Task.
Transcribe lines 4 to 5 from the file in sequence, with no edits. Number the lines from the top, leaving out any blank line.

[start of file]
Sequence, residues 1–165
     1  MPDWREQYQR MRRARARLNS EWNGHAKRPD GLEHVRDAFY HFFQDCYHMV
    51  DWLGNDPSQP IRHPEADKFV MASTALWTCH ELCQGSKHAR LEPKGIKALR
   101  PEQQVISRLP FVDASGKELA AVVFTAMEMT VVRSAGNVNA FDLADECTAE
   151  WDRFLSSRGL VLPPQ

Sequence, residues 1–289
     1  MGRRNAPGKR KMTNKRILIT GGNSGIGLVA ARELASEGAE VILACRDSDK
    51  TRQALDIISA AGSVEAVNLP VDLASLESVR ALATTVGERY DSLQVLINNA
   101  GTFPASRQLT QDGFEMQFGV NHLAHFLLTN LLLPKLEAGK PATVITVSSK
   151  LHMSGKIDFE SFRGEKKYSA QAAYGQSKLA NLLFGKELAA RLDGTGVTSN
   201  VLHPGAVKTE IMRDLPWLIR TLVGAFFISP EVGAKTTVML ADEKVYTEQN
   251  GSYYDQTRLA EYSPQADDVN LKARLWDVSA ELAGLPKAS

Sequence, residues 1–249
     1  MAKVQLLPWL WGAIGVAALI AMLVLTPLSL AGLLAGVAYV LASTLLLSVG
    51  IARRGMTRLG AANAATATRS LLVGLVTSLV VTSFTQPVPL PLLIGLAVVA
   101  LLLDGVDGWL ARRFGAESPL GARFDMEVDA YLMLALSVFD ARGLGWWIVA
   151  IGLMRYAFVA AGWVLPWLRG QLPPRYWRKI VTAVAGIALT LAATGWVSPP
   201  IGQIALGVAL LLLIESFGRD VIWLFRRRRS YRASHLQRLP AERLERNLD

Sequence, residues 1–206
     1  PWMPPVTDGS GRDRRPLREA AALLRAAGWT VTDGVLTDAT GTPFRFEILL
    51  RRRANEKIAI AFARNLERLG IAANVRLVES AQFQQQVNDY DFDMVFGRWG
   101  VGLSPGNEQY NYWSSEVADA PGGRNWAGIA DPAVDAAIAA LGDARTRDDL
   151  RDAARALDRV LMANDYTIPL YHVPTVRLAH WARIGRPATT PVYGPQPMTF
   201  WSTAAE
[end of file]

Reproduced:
   101  PEQQVISRLP FVDASGKELA AVVFTAMEMT VVRSAGNVNA FDLADECTAE
   151  WDRFLSSRGL VLPPQ